It’s Thanksgiving Eve, and while it may not carry the same weight as Christmas Eve, it’s reason enough to keep things brief.
For President James Madison, 1814 had not been a particularly kind year. The same could be said for most of the fledgling Union over which Madison served as Commander-in-Chief. The war with Britain (the second of Madison’s life when you consider the War of Independence) was not going very well. The nation’s capital was no longer smoking, but it was a ruin thanks to British torches. War Secretary Armstrong had been summarily sacked by an irate Madison.
Politics was rearing its ugly head, with New England governors refusing to allow their state militias to be used for national defense. The ballot box had not been Madison’s friend, either. Mid-term elections had seen the Federalist Party, largely marginalized since John Adams left office, make significant gains.
Then there were the British who, in addition to the war itself, were working hard to sway the New England states to break away from the southern states (especially those pesky Virginians) and reestablish ties to the mother country. Citizens were smuggling goods to the enemy and colluding with them.
And to add injury to all the insult, Madison was ill again. The heat and humidity of Washington, D.C.’s summer and fall never agreed with the President. He often spent much of that time back at home. But this year had been different, and Madison was paying a physical price.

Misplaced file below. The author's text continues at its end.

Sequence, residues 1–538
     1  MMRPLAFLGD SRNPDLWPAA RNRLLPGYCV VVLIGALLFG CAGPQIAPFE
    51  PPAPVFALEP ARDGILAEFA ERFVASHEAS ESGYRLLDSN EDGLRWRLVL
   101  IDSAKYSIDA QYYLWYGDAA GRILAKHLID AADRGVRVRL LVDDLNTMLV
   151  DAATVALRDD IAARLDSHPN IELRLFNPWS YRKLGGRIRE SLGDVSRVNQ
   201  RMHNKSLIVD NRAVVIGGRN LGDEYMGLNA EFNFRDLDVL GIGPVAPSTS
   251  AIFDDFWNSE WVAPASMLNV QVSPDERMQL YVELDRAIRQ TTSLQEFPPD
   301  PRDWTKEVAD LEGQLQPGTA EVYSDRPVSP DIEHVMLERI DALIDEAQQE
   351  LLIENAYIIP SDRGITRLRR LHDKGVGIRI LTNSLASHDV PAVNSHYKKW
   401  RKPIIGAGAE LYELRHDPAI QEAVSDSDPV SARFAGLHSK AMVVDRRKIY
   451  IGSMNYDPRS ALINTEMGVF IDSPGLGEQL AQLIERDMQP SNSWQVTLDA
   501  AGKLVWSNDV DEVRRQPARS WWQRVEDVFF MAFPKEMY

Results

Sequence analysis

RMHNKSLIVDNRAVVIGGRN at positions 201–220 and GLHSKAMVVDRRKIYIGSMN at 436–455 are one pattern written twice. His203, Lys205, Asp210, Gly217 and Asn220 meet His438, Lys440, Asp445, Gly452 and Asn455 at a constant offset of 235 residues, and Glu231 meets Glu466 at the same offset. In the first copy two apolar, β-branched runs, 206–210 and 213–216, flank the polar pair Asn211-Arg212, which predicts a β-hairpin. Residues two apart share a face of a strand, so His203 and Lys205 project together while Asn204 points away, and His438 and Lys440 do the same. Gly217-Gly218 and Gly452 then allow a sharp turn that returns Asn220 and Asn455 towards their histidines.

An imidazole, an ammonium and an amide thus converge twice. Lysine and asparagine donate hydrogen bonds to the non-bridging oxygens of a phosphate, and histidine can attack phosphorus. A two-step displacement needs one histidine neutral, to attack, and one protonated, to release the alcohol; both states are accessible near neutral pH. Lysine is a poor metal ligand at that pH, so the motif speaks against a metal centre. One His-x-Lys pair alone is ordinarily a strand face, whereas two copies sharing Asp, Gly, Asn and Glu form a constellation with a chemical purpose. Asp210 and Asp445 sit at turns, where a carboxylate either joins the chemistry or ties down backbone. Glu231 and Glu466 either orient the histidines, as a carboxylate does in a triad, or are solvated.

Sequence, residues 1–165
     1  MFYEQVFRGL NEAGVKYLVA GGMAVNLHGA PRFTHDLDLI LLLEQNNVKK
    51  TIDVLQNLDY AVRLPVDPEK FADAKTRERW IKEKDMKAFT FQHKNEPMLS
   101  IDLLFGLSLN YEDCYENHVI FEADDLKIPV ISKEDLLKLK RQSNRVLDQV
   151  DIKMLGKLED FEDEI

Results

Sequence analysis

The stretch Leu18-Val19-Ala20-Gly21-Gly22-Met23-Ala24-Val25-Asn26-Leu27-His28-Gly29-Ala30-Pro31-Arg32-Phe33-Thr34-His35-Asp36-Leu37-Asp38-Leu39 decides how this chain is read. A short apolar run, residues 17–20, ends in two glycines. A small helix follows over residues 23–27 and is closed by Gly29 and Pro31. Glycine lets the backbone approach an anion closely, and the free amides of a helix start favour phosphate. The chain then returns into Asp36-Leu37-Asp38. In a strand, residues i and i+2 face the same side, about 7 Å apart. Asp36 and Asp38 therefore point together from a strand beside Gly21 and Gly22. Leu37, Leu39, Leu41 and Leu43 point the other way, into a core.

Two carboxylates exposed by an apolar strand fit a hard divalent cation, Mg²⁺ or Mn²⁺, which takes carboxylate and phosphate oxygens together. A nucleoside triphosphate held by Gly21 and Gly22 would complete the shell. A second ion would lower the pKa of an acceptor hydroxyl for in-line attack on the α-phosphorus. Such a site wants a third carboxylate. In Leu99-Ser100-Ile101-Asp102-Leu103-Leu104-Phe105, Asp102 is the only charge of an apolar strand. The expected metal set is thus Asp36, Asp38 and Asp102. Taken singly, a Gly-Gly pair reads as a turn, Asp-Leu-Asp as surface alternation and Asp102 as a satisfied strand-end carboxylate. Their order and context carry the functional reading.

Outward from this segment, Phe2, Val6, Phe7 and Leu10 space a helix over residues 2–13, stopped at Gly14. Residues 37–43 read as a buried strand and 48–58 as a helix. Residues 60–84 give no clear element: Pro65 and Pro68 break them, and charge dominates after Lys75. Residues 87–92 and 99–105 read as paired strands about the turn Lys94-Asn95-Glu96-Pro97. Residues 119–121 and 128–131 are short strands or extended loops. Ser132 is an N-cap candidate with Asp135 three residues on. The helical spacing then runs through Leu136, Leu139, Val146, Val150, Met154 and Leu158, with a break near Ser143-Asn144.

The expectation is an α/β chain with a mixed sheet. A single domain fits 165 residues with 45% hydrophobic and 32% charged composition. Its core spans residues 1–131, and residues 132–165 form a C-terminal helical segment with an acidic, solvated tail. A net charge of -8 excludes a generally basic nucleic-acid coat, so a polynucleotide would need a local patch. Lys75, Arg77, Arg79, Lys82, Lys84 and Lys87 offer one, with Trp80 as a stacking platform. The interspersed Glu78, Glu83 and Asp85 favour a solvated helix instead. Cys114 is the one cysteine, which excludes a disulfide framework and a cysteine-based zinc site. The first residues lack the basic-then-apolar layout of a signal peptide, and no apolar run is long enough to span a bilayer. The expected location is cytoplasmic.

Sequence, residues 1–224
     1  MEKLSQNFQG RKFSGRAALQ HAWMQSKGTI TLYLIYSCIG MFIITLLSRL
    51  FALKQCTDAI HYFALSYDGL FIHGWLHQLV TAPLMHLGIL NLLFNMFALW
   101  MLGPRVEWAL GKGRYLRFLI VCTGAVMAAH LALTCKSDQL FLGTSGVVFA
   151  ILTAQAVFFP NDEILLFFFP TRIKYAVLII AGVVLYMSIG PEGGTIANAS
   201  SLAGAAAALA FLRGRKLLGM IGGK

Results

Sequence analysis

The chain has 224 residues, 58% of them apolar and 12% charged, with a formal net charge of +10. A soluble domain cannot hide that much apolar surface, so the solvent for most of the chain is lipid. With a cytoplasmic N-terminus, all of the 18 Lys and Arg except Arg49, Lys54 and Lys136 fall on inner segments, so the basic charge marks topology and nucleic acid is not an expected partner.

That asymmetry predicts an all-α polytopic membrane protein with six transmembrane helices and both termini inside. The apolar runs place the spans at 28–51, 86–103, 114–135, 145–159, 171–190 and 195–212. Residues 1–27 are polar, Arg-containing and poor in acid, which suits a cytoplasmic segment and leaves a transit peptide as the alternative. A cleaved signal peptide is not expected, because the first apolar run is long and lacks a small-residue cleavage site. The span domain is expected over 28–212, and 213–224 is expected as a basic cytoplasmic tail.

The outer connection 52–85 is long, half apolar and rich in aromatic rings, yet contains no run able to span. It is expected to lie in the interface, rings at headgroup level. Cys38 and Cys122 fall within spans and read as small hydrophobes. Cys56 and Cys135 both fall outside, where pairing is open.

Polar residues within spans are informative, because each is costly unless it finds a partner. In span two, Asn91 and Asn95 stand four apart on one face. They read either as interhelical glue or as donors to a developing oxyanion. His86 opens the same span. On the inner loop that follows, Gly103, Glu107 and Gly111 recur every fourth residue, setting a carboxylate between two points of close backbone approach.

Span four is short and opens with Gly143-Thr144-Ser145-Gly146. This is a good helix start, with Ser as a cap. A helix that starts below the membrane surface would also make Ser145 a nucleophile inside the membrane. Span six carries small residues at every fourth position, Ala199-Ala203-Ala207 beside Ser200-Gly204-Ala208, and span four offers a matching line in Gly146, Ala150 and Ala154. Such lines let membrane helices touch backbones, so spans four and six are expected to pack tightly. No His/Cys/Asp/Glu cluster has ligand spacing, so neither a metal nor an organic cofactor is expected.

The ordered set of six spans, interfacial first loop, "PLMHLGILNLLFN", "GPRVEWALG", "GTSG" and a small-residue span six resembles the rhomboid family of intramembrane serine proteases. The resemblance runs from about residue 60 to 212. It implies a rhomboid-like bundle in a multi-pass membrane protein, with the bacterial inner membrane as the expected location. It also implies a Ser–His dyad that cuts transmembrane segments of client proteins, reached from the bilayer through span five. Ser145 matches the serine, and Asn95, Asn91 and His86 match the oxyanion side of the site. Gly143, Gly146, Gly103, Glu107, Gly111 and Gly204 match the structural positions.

On November 23, 1814, the news got worse. Vice President Elbridge Gerry had died of a lung hemorrhage while riding in his carriage to the Senate. Gerry had been a member of the Second Continental Congress and the Constitutional Convention. And while he initially voted against the Constitution, he eventually became a strong supporter. During his time as the governor of Massachusetts, he supported a redistricting bill that not only took on his name (gerrymandering), but also cost him re-election. And now he was gone.
The rejuvenated Federalists smelled blood. One of them would write, “If Mr. President Madison would resign now that Mr. Gerry is no more, a president of the Senate might be chosen, who would . . . do honor to the nation.”
Gerry’s death had transformed James Madison from the President to a Federalist target.